Jump to content

philpot123

Members
  • Content Count

    1,795
  • Joined

  • Last visited

Everything posted by philpot123

  1. Well, I'm not sure about the curse of Cain, but the idea that "Africans deserve slavery" has been wrongly inferred from the curse of Canaan. Noah began to be a man of the soil, and he planted a vineyard. He drank of the wine and became drunk and lay uncovered in his tent. And Ham, the father of Canaan, saw the nakedness of his father and told his two brothers outside. Then Shem and Japheth took a garment, laid it on both their shoulders, and walked backward and covered the nakedness of their father. Their faces were turned backward, and they did not see their father's nakedness. When N
  2. Well, there's one more idiot who won't ever be allowed to own a gun again. And we can all be happy about that. In my state, pointing a firearm at someone you don't intend to shoot in self-defense is a felony, loaded or unloaded. I didn't see specified if that was a felony conviction in that state, but any sort of violent misdemeanor will keep you from legally obtaining a firearm in some states. My libertarian sensibilities lead me to the conclusion that seeking out gun safety courses is absolutely a responsibility that every gun owner has; however, the government shouldn't enforce
  3. Which makes sense. No guns = little to no gun violence. The question is whether or not it would materially affect the violent crime rate overall, and whether or not disarming the many who defend themselves every day would lead to an increase in muggings, rapes and the like. Depends on where you hit em and what you're hitting em with. Soldiers overseas have reported that the .223 round is pretty ineffective against someone who's pumped up on adrenaline. You can hit them a lot of times, but unless you hit the right place, they'll just keep coming. Really the only guaranteed "stoppin
  4. "Assault weapon" is a manufactured term used to refer to a scary looking gun, it has nothing to do with functionality. A fully automatic rifle is considered an assault rifle. An "assault weapon" is loosely defined, and as a term was created for the sole purpose of banning certain weapons BASED ON LOOKS. So I have a right to own one unless the government decides to take it away? Then that's not a right, it's a privilege. But the constitution grants RIGHTS. So somebody is wrong here. You assume the military would be fully on board and willing to fire on civilians.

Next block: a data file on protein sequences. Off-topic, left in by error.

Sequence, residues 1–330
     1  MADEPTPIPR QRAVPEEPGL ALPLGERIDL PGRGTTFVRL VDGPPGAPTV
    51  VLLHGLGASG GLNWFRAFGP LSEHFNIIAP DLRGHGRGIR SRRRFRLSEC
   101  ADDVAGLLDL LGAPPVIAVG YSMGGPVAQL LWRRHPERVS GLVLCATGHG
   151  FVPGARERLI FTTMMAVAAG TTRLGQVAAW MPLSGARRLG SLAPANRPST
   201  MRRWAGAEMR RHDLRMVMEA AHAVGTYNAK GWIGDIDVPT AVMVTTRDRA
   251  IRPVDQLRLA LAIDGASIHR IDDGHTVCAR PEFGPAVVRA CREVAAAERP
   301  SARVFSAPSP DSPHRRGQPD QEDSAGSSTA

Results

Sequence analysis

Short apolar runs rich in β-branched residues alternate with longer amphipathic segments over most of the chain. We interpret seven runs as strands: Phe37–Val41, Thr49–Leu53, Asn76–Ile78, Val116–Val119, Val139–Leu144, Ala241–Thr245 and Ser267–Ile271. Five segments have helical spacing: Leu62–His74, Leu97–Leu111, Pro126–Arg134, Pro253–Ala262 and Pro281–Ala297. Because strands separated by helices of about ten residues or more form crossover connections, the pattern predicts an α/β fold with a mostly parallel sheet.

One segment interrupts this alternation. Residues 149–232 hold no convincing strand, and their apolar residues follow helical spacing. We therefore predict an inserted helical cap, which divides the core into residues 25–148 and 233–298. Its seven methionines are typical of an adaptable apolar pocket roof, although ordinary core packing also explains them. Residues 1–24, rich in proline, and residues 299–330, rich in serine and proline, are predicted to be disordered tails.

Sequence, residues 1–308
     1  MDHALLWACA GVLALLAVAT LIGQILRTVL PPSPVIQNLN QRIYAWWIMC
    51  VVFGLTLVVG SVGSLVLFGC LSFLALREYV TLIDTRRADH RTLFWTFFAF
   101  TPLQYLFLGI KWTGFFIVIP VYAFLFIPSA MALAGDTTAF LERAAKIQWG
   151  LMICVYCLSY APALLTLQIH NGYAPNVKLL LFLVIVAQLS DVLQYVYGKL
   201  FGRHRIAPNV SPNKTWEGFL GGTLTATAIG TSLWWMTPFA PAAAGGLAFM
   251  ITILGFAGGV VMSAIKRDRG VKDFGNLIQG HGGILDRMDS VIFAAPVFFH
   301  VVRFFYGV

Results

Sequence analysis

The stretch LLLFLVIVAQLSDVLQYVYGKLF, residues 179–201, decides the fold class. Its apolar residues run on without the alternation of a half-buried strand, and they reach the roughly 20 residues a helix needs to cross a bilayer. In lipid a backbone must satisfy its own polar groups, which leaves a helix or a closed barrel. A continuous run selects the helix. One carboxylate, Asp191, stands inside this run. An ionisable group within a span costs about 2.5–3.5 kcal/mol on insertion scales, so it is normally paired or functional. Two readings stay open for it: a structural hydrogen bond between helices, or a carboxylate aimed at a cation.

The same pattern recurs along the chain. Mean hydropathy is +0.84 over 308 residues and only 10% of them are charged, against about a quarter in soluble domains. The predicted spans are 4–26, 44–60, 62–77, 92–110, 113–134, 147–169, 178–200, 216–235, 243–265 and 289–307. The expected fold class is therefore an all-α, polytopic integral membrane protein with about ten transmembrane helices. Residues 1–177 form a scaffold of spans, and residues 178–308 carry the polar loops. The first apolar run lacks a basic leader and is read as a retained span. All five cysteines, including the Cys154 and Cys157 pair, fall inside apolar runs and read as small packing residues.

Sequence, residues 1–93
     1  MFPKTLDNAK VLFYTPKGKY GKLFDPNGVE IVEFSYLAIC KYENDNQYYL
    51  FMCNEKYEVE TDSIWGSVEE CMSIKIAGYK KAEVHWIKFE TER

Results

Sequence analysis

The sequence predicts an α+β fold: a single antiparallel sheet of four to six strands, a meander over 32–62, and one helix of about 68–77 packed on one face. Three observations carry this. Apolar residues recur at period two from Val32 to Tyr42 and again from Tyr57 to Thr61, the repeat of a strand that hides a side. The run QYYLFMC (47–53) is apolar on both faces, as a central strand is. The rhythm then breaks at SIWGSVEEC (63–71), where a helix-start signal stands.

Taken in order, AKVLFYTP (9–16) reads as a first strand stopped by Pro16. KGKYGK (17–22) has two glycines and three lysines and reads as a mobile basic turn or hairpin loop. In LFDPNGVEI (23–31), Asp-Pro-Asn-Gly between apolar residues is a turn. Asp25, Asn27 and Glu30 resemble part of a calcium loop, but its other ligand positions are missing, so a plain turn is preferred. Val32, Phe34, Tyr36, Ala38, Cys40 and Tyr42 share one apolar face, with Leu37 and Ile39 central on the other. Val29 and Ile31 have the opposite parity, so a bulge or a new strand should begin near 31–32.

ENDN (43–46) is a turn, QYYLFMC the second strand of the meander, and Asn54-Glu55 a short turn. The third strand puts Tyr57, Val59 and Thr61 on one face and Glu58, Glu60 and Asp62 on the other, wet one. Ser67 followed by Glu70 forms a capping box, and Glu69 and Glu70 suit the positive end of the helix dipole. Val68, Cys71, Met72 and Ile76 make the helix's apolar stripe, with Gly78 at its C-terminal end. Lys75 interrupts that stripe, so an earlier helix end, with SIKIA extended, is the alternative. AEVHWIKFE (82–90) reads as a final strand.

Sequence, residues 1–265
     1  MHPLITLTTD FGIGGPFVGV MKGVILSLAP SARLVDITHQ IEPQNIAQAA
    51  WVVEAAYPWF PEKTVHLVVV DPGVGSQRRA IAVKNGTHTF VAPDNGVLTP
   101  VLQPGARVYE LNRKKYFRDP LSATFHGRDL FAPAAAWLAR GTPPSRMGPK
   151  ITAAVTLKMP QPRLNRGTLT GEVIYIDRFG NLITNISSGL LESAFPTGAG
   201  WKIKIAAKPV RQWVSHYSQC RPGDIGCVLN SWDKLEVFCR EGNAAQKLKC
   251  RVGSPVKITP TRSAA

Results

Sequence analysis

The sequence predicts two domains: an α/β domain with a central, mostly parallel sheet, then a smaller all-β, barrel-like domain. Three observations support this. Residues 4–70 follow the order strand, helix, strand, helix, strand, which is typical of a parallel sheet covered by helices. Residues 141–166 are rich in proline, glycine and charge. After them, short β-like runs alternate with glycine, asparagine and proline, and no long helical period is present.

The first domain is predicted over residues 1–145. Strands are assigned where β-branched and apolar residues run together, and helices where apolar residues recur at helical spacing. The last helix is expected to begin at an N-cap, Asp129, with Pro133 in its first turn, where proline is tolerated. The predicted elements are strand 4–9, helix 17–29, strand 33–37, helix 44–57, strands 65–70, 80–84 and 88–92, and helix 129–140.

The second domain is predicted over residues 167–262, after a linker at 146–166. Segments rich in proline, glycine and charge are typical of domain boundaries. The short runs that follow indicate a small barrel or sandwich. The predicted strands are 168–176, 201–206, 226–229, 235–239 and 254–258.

5. Oh wow. Where to start. Where to start... First, define "normal guns"? What guns do you not have a problem with? Because nowadays, saying "semi-automatic firearm" is like saying "gasoline car." My AK is functionally identical to most hunting rifles. Second, I'm sorry you don't like my choice of firearm. Excuse me while I borrow some internet meme argumentation, but I need this... About as badly as Rosa Parks "needed" to sit at the front of the bus. It's not a question of quantifiable necessity, it's a question of rights. The 2nd Amendment doesn't say "the right of the people
  6. Lol. The Emancipation Proclamation. Let's issue a proclamation that only applies to the states "in rebellion" who we know won't follow it. It doesn't apply to us. One of the least productive and most historically lauded documents in our history. I would argue that just because there's precedent for Presidents ignoring the constitution does not by any means require us to continue that trend. If we refuse to adhere to our founding documents that are supposed to fence the power of the national gov't, then the powers they possess are both arbitrary and conceivably totalitarian. Where does it
  7. Oh, it could be. And you could argue that it should be. But I'm saying according to our current system of government, any such efforts would be unconstitutional and illegal. Change to the Constitution SHOULD come before action.
  8. Well, in the US, it would be unconstitutional for sure. 2nd and 10th amendments. Whether or not that's a good thing, that's arguable. Ehh, "probably"? That's really reaching. The fact that people use guns so often in self-defense testifies to the fact that it IS useful in certain situations to have one on hand. If the madman would probably win, why are so many people successful at defending their homes? They shouldn't. But again, we have a situation that could have been prevented with simple gun safety. A gun lock or a gun safe could have saved 20 lives.